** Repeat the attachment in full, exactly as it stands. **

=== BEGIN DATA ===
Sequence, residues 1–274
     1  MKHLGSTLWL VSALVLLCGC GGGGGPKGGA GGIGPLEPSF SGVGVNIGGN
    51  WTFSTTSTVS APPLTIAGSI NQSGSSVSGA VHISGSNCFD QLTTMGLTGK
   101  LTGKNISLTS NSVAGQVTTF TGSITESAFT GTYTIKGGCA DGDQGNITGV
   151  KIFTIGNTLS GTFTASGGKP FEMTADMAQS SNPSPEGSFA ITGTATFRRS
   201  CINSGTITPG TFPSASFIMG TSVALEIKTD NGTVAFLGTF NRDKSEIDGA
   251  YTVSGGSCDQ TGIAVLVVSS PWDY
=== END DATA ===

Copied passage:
Sequence, residues 1–274
     1  MKHLGSTLWL VSALVLLCGC GGGGGPKGGA GGIGPLEPSF SGVGVNIGGN
    51  WTFSTTSTVS APPLTIAGSI NQSGSSVSGA VHISGSNCFD QLTTMGLTGK
   101  LTGKNISLTS NSVAGQVTTF TGSITESAFT GTYTIKGGCA DGDQGNITGV
   151  KIFTIGNTLS GTFTASGGKP FEMTADMAQS SNPSPEGSFA ITGTATFRRS
   201  CINSGTITPG TFPSASFIMG TSVALEIKTD NGTVAFLGTF NRDKSEIDGA
   251  YTVSGGSCDQ TGIAVLVVSS PWDY